Cavalier King Charles Spaniel on a mat.

Cricket has been taught to lie on her mat using shaping.

When it comes to positive reinforcement based clicker training, there are four major ways of getting behavior: shaping, luring, targeting, and capturing. There are other ways, including physical modeling, but they have limited applications and are rarely used by most force-freeĀ trainers. In this post, I’ll address shaping, and in the coming weeks, I’ll follow-up with the others.

Shaping

What is shaping? Shaping is a method of building behavior “from scratch” by clicking successive approximations towards an end behavior. Often a trainer will create a mental or written “shaping plan” that lays out the steps it might take to get the final desired behavior.

One popular way to introduce shaping is when teaching a dog to get on a mat. The goal behavior is that the dog lies down on the mat for an extended period.

In the beginning, the trainer will start by clicking and treating their dog just for looking at the mat. This is usually followed by sniffing the mat, brushing up against it, or putting a paw on it, all of which can also be clicked. After the dog has received several rewards for interacting with the mat in this way, they will start to experiment just a little, often by purposefully putting a paw or two on the mat. Click!

From there, the trainer waits for the dog to put three or four of her paws on the mat before clicking and treating. When the dog demonstrates an understanding of “paws on the mat = treat”, the trainer patiently waits for the dog to offer a sit or a down. Some dogs offer sitting right away and later relax into a down, while others flop over into a down right away.

It’s very important to understand that the trainer remains relatively quiet during this process and does not prompt the dog by talking, saying cues, patting the object, or touching the dog. All of these things mean nothing to the dog! He can’t comprehend English and he doesn’t know the desired behavior yet. At best, it’s luring which must be faded later; at best, it confuses the dog and slows down the learning process.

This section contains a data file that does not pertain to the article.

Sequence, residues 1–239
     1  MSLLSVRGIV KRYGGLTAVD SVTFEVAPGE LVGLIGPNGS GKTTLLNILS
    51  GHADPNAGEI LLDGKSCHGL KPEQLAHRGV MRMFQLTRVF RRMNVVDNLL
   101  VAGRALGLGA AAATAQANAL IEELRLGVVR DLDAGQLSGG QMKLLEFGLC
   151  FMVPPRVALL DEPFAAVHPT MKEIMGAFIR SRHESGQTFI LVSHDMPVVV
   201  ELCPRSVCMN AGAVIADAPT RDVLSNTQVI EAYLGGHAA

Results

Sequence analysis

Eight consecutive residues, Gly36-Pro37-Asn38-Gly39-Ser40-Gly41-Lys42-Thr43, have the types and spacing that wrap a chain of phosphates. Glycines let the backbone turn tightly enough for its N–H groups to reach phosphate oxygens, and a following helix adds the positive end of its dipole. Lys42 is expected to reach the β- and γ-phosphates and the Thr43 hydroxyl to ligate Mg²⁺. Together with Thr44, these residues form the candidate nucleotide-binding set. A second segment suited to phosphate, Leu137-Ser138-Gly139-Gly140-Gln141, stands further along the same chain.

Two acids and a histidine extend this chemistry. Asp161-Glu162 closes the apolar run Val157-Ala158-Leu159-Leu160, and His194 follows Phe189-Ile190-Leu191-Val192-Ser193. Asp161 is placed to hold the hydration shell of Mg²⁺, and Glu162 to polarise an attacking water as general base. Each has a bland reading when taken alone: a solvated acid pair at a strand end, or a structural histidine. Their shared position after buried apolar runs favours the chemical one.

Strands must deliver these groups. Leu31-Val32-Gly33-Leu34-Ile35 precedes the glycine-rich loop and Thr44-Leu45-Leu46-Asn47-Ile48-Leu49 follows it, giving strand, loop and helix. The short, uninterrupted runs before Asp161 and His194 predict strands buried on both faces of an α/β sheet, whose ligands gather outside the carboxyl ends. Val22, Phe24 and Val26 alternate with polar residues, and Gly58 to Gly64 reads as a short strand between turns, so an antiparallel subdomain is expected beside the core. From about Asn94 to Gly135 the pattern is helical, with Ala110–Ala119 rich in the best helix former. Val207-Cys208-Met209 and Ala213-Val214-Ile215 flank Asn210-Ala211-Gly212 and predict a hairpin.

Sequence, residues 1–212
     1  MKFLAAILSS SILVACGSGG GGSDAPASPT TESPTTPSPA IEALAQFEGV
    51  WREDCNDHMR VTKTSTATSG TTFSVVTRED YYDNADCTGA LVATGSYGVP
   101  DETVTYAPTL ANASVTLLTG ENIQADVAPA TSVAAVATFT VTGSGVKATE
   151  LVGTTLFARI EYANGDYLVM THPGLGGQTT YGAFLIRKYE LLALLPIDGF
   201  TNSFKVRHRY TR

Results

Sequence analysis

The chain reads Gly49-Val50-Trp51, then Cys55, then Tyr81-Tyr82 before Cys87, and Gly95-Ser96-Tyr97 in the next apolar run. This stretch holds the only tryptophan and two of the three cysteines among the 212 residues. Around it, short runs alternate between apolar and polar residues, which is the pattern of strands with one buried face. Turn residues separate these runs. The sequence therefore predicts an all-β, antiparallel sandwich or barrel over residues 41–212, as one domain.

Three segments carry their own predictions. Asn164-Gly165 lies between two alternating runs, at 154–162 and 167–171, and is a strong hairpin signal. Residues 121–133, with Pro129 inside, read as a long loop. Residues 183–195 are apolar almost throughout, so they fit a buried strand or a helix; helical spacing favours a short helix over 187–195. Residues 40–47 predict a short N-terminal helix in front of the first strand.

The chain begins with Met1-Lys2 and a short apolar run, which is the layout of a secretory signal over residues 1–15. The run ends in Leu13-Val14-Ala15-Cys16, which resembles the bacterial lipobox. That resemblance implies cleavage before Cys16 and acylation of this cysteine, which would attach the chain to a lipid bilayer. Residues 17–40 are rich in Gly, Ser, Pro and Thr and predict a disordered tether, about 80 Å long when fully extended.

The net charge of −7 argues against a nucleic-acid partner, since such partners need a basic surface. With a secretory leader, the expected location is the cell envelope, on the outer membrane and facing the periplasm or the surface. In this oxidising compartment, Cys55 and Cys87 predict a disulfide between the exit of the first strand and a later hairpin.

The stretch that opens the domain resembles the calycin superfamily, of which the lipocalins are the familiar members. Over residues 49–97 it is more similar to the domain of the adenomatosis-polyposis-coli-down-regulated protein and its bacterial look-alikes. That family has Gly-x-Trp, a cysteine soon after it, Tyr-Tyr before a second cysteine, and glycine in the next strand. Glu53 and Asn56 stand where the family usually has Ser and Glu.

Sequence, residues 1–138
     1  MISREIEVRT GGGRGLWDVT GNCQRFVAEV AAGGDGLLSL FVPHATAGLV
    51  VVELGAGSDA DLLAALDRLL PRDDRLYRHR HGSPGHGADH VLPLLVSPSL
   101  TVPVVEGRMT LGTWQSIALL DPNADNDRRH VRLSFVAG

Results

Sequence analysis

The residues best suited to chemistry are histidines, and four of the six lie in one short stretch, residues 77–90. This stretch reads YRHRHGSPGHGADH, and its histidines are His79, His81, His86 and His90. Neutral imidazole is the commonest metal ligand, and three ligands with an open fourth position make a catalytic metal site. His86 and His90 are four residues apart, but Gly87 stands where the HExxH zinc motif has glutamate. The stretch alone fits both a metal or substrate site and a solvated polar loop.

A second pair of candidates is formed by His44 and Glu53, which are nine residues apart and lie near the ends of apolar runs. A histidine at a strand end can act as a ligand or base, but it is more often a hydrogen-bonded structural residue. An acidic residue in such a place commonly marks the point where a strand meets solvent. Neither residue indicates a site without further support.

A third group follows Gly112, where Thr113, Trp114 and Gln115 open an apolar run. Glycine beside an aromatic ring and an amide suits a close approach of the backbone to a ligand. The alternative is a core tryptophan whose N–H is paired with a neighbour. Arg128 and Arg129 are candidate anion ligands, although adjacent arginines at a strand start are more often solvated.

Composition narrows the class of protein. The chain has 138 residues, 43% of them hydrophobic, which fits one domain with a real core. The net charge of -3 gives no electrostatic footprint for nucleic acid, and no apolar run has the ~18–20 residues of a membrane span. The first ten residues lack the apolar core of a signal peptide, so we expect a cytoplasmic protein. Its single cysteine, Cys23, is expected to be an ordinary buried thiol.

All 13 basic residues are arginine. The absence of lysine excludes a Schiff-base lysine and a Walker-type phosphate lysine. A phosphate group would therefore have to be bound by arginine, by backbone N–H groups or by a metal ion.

The dog must figure out what behavior earns him a click and a treat. (Praise and happy talk after the dog has interacted with the mat and received a click is just fine, but you should stay quiet while the dog is figuring things out.)

Instead, the trainer should manipulate the environment to set the dog up for success. When I teach group training classes, I tend to work on matwork as the last exercise, when the dogs are comfortable and are a little tired. I have students sit on their mats during class and only take them out when it’s time to work on mat training, and I instruct them to be preparedĀ before putting the mat down. They need to be ready to click the instant the dog starts looking at or sniffing the mat, which is often before it even hits the floor!

I recommend that students to practice matwork in the evening when the dog is already considering taking a nap. Sleepy dogs are more likely to lie down on an object than wound-up, excited dogs. The flip side to this, of course, is that if you are shaping a fast movement-oriented behavior like agility obstacles, tricks that involve movement, or coming when called, do it when your dog is awake and full of energy.